Reactions of Patients to Complementary Medicine
Bella Bar-Cohen, Freda DeKeyser, Nurit Wagner
Division of Nursing and School of Nursing, Hadassah Medical Center, Jerusalem
350 patients attending 11 large out-patient clinics completed questionnaires evaluating attitudes to, and experience with complementary medicine. 129 (36%) respondents reported using complementary medicine. 14% of them used complementary medicine for the current medical problem for which they were attending the clinic.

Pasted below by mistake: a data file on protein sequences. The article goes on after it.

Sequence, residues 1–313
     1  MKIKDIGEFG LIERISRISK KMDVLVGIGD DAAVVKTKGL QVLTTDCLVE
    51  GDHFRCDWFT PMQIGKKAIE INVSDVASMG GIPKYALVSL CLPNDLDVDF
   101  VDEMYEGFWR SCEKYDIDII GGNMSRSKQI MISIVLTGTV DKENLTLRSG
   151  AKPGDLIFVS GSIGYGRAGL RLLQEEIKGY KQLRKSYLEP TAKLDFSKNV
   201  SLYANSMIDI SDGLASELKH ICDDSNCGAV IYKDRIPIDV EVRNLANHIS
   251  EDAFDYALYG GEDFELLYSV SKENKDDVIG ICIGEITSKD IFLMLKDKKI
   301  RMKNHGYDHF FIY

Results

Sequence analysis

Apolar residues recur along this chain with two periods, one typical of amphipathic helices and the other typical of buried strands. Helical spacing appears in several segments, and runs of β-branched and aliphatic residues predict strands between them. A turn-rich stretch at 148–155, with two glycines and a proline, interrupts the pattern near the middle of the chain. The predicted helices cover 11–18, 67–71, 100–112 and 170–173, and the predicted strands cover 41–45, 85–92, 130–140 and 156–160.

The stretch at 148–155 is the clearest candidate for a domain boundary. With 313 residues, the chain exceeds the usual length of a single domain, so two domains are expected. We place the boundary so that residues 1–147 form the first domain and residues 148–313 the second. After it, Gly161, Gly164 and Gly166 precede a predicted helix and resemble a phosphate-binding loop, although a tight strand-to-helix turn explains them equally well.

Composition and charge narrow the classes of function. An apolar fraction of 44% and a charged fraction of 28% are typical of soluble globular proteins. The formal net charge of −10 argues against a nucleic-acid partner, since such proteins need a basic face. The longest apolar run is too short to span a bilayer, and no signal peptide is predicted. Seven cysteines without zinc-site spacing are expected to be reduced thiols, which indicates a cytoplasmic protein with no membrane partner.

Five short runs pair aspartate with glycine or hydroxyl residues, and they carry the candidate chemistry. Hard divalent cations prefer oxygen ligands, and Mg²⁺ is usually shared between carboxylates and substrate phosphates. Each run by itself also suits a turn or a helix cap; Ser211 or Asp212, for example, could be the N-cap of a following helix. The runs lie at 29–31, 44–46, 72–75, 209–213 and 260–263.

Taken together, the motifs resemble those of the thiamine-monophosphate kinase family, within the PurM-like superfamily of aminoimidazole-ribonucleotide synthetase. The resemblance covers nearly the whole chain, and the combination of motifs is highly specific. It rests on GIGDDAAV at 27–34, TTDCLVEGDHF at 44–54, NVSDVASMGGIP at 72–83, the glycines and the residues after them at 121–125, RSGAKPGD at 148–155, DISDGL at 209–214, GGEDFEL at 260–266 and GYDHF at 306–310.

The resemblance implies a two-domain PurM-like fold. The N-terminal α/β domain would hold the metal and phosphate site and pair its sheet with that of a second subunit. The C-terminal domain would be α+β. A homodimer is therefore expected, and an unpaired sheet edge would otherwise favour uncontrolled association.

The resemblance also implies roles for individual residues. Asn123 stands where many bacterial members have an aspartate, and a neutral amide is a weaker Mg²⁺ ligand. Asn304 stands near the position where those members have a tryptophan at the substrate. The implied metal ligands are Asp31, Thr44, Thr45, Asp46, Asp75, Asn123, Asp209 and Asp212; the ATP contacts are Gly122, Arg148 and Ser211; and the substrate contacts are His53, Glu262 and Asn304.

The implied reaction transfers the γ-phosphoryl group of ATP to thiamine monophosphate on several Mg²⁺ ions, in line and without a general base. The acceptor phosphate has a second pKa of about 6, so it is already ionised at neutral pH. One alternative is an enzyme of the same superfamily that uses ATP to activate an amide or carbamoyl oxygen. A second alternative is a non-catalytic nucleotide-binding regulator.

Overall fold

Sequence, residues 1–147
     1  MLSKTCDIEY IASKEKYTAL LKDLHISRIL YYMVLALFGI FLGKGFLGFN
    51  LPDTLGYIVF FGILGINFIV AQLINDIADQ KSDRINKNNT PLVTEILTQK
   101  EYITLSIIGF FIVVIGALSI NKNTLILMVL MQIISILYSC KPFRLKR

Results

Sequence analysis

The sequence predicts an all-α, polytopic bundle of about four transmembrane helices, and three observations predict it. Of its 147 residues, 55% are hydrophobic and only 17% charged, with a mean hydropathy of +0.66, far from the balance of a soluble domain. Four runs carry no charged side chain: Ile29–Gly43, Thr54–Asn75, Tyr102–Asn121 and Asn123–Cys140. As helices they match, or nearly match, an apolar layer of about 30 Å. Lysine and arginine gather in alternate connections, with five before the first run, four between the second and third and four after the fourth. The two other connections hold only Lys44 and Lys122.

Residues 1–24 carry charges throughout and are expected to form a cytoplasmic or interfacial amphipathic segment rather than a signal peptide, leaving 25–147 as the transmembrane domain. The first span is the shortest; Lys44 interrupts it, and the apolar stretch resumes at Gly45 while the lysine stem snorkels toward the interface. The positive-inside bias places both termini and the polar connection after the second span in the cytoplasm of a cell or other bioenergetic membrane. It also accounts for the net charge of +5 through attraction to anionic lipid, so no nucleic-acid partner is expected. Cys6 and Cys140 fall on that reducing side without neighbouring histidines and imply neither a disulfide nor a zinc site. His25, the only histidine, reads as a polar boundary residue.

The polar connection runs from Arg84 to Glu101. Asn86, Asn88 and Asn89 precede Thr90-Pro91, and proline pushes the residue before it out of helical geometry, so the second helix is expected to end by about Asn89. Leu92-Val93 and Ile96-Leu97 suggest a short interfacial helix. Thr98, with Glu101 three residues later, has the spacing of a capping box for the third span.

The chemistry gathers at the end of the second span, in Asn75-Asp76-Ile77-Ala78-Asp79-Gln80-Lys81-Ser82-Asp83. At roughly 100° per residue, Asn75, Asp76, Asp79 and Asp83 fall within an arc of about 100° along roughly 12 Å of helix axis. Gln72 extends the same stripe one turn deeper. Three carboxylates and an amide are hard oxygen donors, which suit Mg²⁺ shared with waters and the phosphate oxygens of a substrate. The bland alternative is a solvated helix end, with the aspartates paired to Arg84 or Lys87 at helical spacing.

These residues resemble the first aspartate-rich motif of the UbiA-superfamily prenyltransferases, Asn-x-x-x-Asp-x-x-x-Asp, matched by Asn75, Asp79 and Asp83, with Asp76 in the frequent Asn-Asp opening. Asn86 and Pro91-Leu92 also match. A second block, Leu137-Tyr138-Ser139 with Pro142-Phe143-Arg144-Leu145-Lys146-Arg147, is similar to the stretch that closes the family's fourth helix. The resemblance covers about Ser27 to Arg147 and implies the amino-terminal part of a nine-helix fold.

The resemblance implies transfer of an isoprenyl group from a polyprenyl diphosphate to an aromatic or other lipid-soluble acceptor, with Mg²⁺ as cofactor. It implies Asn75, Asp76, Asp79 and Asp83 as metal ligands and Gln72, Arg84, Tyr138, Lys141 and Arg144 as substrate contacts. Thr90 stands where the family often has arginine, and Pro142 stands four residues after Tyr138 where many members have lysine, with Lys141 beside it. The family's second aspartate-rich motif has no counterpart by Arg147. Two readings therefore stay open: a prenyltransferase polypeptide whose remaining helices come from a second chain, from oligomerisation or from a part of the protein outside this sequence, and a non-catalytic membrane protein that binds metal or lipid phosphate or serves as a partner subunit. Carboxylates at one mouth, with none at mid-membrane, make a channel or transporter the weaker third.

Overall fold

Pain was the most common medical problem for which complementary medicine was used, followed by respiratory problems and cancer. Common therapeutic modalities used were acupuncture, homeopathy, nutrition and herbal medicine.
Women, the secular as opposed to the religious, and those with higher education were more apt to use complementary medicine. No differences were found in age, national origin, length of living in Israel, and diet (vegetarian, natural foods or regular diet) between those who used complementary medicine and those who did not. No relationship was found between the use of complementary medicine and perceived poor health status, locus of control, or satisfaction with the doctor-patient relationship.